796

852

909

1,015

1,076

Growth (not LFL)

13%

0%

2%

7%

7%

12%

6%

COGS (purchases from the central office)

(244)

(246)

(251)

(255)

(262)

(274)

(286)

% of sales

31.3%

31.6%

31.5%

29.9%

28.8%

27.0%

26.6%

Labour

(218)

(218)

(223)

(239)

(254)

(284)

(301)

% of sales

28.0%

28.0%

28.0%

28.0%

28.0%

28.0%

28.0%

Gross Profit

318

315

322

359

393

456

489

GPM

40.7%

40.4%

40.5%

42.1%

43.2%

45.0%

45.4%

               

Advertising (National Advertising Fund)

(40)

(37)

(34)

(36)

(41)

(52)

(48)

% of sales

5.1%

4.7%

4.3%

4.2%

4.5%

5.1%

4.4%

Royalty Payment

(43)

(43)

(44)

(47)

(50)

(56)

(59)

% of sales

5.5%

5.5%

5.5%

5.5%

5.5%

5.5%

5.5%

Rental expenses

(19)

(18)

(18)

(18)

(18)

(18)

(18)

% of sales

2.4%

2.4%

2.3%

2.1%

2.0%

1.8%

1.7%

Local Advertising

(16)

(16)

(16)

(17)

(18)

(20)

(22)

% of sales

2.0%

2.0%

2.0%

2.0%

2.0%

2.0%

2.0%

Other

(94)

(104)

(106)

(134)

(138)

(153)

(178)

% of sales

12%

13%

13%

16%

15%

15%

17%

EBITDA

106

97

104

107

127

157

164

EBITDA margin (mature stores)

13.6%

12.5%

13.1%

12.6%

14.0%

15.5%

15.3%

Growth

13%

-8%

7%

3%

18%

24%

4%

 

 

The typical store is making profit of around £165k, an increase of around 60% over the last six years. This is despite new stores opening in smaller towns and regions being split. Strong LFL sales growth of around 7-8% has meant margins have expanded from 12% in 2012 to 15-16% in 2015-2016, an all-time high.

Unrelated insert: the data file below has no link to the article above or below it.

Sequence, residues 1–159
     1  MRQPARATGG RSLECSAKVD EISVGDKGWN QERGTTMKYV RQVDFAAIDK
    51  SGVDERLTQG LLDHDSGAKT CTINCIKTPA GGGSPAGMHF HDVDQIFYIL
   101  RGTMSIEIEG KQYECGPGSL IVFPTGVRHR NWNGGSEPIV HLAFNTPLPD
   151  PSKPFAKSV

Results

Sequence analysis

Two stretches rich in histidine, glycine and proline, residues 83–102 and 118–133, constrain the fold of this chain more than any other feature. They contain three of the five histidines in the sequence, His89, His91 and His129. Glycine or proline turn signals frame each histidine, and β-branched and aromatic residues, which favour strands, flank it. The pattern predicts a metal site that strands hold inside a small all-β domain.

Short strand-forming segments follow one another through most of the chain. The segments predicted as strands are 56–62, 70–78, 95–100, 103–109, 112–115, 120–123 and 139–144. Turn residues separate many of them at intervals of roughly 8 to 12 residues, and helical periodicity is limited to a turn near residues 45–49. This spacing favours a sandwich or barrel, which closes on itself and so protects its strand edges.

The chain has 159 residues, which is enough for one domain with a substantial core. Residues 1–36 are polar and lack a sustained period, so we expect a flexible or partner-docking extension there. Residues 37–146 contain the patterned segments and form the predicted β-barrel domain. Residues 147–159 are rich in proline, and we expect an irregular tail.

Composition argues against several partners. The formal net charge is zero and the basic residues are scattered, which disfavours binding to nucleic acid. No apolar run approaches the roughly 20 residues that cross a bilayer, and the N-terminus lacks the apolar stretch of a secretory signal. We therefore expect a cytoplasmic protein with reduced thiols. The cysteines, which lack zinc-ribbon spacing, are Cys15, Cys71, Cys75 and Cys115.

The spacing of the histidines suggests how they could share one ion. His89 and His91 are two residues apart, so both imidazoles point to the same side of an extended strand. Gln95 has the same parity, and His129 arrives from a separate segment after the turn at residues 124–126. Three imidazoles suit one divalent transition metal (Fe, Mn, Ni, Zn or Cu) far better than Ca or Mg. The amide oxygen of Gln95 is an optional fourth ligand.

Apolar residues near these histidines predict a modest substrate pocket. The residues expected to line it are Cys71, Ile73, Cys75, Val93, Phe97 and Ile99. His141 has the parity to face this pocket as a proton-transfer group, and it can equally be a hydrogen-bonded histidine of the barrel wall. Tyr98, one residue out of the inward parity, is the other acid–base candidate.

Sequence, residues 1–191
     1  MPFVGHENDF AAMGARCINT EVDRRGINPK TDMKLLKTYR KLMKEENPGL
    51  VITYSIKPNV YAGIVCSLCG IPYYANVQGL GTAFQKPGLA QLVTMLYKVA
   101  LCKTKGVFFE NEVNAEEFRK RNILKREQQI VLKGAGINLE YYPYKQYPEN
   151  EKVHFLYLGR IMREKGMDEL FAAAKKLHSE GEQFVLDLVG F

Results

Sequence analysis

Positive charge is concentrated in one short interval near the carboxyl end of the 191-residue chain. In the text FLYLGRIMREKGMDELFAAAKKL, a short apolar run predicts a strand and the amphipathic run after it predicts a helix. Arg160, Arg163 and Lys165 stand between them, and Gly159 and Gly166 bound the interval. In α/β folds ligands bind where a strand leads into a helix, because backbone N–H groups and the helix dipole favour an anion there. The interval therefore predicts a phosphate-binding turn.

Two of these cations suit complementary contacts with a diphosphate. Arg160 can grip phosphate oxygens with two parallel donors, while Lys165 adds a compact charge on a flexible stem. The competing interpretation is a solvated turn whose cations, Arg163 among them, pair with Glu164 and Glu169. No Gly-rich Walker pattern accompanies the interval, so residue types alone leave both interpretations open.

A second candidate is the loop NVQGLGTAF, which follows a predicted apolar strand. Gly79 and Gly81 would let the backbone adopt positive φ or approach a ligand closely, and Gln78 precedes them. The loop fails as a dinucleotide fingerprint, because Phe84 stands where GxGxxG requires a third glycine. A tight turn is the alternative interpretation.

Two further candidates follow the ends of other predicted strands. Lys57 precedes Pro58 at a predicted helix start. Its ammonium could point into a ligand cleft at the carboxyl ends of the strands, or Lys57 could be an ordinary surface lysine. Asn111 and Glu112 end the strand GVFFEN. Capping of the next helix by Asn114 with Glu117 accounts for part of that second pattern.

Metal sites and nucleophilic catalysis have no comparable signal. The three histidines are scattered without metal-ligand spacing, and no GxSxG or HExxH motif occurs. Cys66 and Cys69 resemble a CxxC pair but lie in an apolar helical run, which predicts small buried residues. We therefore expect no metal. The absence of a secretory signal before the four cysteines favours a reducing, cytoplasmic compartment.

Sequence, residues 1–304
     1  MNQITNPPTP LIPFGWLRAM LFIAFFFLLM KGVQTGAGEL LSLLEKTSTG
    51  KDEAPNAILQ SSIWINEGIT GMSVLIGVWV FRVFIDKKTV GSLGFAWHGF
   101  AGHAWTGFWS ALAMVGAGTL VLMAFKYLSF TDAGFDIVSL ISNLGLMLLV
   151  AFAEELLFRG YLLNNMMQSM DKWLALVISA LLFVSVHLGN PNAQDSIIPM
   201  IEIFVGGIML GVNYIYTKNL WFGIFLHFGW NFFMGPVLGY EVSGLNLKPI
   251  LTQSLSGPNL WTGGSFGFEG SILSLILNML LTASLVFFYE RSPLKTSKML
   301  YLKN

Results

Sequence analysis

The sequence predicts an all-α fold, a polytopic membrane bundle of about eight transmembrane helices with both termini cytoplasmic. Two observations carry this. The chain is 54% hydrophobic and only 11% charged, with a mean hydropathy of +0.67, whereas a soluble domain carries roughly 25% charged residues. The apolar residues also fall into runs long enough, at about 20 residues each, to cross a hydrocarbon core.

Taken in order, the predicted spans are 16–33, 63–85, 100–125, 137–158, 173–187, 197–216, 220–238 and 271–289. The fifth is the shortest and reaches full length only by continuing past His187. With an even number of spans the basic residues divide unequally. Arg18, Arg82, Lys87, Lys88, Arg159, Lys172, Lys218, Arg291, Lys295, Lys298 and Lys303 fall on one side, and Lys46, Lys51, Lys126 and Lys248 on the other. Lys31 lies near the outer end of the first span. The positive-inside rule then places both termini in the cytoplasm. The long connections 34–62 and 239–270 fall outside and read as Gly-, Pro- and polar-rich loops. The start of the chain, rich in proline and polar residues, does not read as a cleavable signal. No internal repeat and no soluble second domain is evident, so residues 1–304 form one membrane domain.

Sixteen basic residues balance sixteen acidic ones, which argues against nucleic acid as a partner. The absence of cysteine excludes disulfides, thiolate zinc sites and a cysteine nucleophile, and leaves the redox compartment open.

What do the returns look like for the franchisees? The amount of capital to set up a franchisee is between £200-300k. If you’re a new franchisee, you will have to put up 2/3 of it in equity. If you’re an established franchisee, the banks will put up 2/3 and you’ll be paying 130bps over LIBOR. Very little. In other words, for your £70-100k equity investment, you should be making at least that within a few years. Not bad! No wonder store openings are accelerating. Before you ask where you can sign up, it’s a closed shop. Besides, Domino’s has a ‘no finance person’ rule – apparently we won’t get our hands dirty…

 

 

At the same time, the number of franchisees has consolidated. There used to be 30-40 franchisees with just one store. Today this just doesn’t happen. Instead, the company has encouraged franchisees to consolidate. There are negatives with this approach – more customer bargaining power – but it does mean that the average franchisee is doing very well. Today the average franchisee has 13 stores and is making ~£2m in EBITDA. This is somewhat biased by two franchisees that have around 200 stores between them; but excluding these guys and the typical franchisee has 8-9 stores and is making around £1.3m in EBITDA.

 

 

Average Franchisee P&L:

 

 

FY10

FY11

FY12

FY13

FY14

FY15

FY16

Revenue (£k)

4,129

4,700

5,271

6,648

8,286

11,314

14,757